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Firming Up That Soggy Pie Crust

December 14, 1989|JOAN DRAKE | TIMES STAFF WRITER

Question: Can you tell me how to prevent a soggy bottom pie crust?

Answer: The following suggestions are adapted from "Secrets of Better Cooking" (Reader's Digest, 1979):

--If filling the unbaked crust with a wet filling such as custard, first set the crust. Pierce the crust all over. Brush the inside with one egg white lightly beaten with one teaspoon of cold water. Chill for 30 minutes, then bake at 450 degrees five minutes. Allow the crust to cool to room temperature, pour in the filling and then bake according to the recipe requirements.

--When baking a single crust before filling, pierce the crust, brush with one egg white lightly beaten with one teaspoon of cold water and chill one hour. Then bake and cool before adding the filling.

--Never pour a hot filling into a hot or cold pie shell. Both must be cooled.

--For a pie filled with fruit, it helps to coat the bottom crust first with a mixture of one teaspoon flour and one teaspoon sugar. After the pie is filled, bake it at 425 degrees 15 to 20 minutes, then reduce the heat to the recipe specification to finish the baking.

In general, sear all wet pies by baking at 425 degrees 15 minutes. Then reduce heat to 350 degrees and watch to avoid overcooking.

--Bake an unfilled pie shell quickly in the middle of an upper shelf of the oven, but bake a double-crust pie on a lower shelf where the bottom crust will set faster.

Also, the Williams-Sonoma holiday 1989 catalogue for cooks offers a perforated pie pan with "air holes that allow moisture to escape and heat to enter, producing a far crisper crust." Two of the nine-inch pans may be ordered for $6 from Williams-Sonoma, Mail Order Department, P.O. Box 7456, San Francisco, Calif. 94120-7456, or they may be purchased at Williams-Sonoma stores throughout the Southland.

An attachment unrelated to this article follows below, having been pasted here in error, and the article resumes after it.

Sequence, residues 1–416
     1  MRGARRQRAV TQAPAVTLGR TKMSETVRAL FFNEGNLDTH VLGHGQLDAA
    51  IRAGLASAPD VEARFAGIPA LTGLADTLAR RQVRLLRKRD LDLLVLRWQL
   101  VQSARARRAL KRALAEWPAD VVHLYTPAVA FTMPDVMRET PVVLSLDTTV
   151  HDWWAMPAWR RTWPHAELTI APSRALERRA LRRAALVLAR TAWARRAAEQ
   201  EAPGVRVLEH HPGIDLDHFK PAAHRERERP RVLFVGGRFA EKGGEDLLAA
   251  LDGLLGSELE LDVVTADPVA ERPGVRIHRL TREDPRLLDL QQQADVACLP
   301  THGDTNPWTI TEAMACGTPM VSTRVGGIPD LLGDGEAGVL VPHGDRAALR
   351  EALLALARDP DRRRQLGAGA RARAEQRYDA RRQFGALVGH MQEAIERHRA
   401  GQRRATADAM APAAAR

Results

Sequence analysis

Q: Do cardamom seeds need to be kept in the refrigerator?

A: No, according to "Keeping Food Fresh--How to Choose and Store Everything You Eat" (Harper & Row, 1989: $10.95). Author Janet Bailey advises:

"Dried herbs and spices lose the strength and character of their essential oils when exposed to heat, light and air. They can be stored at room temperature, but keep them away from the stove, dishwasher, refrigerator, toaster and other appliance that gives off heat.

"Certain spices suffer more than others from high heat. During the summer months you should consider keeping cayenne, paprika, chili powder and red pepper in the refrigerator. Poppy seeds and sesame seeds are rich in oil--they get rancid within several months unless they are stored properly. They keep best in the refrigerator.

"The bottles and tins most herbs and spices come in are perfect storage containers, but the tins have a slight edge because they are lightproof. Cap the containers tightly to keep out air and moisture.

"Whole dried herbs and spices can be stored for about one year. Ground and powdered seasonings last no more than six months before they stale.

"If, after a year of storage, your dried herbs and spices still have a strong, distinctive aroma, there is no reason not to go ahead and use them. To get the most flavor from aging dried herbs, rub them briefly in your hands, saute them in butter or simmer them in liquid before you add them to your recipes."

Address questions on food preparation to You Asked About ..., Food Section, The Times, Times Mirror Square, Los Angeles 90053. Personal replies cannot be given.

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